THE BLOG

Doomsday Stagflation?

08/02/2013 12:24 GMT | Updated 09/04/2013 10:12 BST

A quote of all times

"It took three years of muddling through crisis, near-panics in the financial markets, a million or so jobs lost in the US, social unrest in the developing world to recognize the debt crisis for what it is: a long-term economic and political barrier to development that is slowly strangling world economic growth."

Christine A. Bogdanowicz-Bindert

This quotation on the debt crisis seems apt. However, the words were uttered in 1985, when debt crises had erupted in Latin America and Africa. Eventually, the problems were addressed through international collaboration, debt restructuring, and social-economic reforms. Approximately 40 countries restructured their debts. Stagflation was a big problem. Inflation rates in Latin-America reached 117% in 1984.

Attentive readers may have noticed already that the quote has no bearing on the crisis that started in 2008. Europe (in particular) has been muddling through for five years while the US has lost millions of jobs, instead of a million. Western states are grappling with debt mountains whereas populations continue to age, so more money needs to be spent on pensions and healthcare.

Plus, in the 1980s, the US, Japan and Europe could extend a helping hand to the "small fry". Now they themselves are hit. And, unlike the troubled countries 30 years ago, they face a daunting and structural obstacle: demographic aging.

Fiat money fatally flawed?

Doom-mongers believe politicians will choose the easy way out and put pressure on central banks to crank up the printing presses. They often point to the weakness of the international monetary system, because it is based on fiat (soft) money, which is not backed by the value from tangible materials like gold. The pessimists think a monetary system based on fiat money will rarely, if ever, exist for long because hyperinflation is inevitable.

The first use of fiat money was chronicled as early as the 10th century AD with the Chinese Song Dynasty. Next, the Yuan Dynasty issued paper money on a large scale in the 13th century. Eventually, the regime printed far too many notes and hyperinflation reared its head. Still, the Yuan money was only abolished in 1455.

Fiat money made its entry into the western societies in the 17th century. First in Sweden and the Netherlands and later in America. The so-called Continentals, issued after the start of the American Revolutionary War, are a case in point for those who believe that fiat money is a nightmare. Owing to a lack of coordination between Congress and the states, not to mention sabotage by the British (who printed heaps of counterfeit money), within a few years the notes were 1/40th of their nominal value.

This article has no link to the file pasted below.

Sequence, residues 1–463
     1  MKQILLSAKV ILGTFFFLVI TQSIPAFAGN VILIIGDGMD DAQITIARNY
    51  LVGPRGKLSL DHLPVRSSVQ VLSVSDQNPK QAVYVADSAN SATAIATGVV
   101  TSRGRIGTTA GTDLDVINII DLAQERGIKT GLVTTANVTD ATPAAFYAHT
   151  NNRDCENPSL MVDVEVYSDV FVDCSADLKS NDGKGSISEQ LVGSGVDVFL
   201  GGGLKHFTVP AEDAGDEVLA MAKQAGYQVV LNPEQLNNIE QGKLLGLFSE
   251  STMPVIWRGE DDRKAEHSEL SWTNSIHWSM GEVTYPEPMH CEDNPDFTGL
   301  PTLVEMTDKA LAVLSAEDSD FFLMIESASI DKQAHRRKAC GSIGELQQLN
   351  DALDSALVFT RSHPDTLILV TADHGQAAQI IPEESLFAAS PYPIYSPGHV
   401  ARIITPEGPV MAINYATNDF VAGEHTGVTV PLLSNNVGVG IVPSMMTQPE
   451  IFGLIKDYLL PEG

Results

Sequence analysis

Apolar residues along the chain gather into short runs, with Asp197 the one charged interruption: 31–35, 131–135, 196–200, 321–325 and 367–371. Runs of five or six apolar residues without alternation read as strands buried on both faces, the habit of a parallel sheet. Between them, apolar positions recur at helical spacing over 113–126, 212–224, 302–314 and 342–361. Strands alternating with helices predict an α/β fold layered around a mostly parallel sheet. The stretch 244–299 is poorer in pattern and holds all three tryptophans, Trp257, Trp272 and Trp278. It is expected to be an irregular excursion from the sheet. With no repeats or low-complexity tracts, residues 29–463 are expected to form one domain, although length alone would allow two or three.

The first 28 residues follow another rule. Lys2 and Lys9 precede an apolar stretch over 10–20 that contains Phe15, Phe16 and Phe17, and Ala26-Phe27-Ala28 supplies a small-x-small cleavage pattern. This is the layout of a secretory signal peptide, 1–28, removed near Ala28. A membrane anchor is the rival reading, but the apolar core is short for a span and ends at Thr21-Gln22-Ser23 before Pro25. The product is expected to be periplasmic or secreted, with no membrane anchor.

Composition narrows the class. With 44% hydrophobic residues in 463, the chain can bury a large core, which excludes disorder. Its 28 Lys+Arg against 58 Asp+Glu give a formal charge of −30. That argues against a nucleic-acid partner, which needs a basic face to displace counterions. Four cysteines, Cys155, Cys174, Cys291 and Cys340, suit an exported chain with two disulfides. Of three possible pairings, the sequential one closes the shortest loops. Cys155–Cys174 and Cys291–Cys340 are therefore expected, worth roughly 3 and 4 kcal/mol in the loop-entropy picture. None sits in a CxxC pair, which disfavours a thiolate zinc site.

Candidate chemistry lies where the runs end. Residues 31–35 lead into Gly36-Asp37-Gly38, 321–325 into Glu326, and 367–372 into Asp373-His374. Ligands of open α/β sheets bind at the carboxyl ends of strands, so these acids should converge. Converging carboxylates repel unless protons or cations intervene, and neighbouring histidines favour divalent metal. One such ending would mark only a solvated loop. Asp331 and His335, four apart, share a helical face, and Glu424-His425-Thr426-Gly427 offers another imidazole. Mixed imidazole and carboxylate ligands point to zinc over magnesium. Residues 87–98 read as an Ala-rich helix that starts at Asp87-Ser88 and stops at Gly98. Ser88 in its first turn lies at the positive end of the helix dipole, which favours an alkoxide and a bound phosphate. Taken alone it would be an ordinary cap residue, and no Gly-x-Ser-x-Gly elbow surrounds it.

Yet such horror stories are but one side of the coin. At the end of the 17th century, the Amsterdam Wisselbank (AWB) created a successful fiat money regime that existed for over a century. It slowly bled to death as a result of the Fourth Anglo-Dutch War.

In 1862, the US Treasury introduced the US Notes, also known as Greenbacks, in order to fund the American Civil War and was printed until 1971. In other words, the idea that high inflation dooms fiat money quickly should be taken with a grain of salt.

Hard money far from perfect

Meanwhile, hard money is also far from plain sailing. Several experts indirectly blame the gold standard for both World Wars. The (indirect) gold standard introduced after World War II was abolished in 1971, when President Nixon decided that dollars could no longer be converted into gold.

Whatever the monetary system, rash political actions and waning investors and consumer confidence can prompt a spiral leading to hyperinflation, recessions and, in the worst case, war.

So far, we have not seen such a spiral. However, fears are growing that the West will crank up the money presses and opt for competitive devaluations. If so, political, economic, and social unrest could spread like wildfire.

Positivism will not last

Presently, it is still almost inconceivable that the markets would lose all faith in US, European and Japanese government securities. But that does not mean it couldn't happen. In 1914, entrepreneurs and markets were convinced war was out of the question because countries were interconnected economically and mutually dependent. And in 1961, Nobel Prize winner Robert Mundell wrote that "it hardly appears within the realm of political feasibility that national currencies would ever be abandoned in favor of any other agreement." Yet a few decades later European leaders did precisely that when they decided to introduce the euro.

Over the past century, the international financial system collapsed in the 1930s and the 1970s. The first time, the outcome was catastrophic. The second time, no world war broke out but inflation soared until it was contained, around the turn of the decade, by Fed chairman Volcker.

Should politicians decide to drive up inflation, this could result in a long period of high inflation that will be brought under control only after a very hard struggle. At worst, political tensions will rise quickly as states try to steal a march on each other through devaluations, inflation policies, and trade wars. If so, we can only hope that the calamities of the last century are still fresh in the collective memory...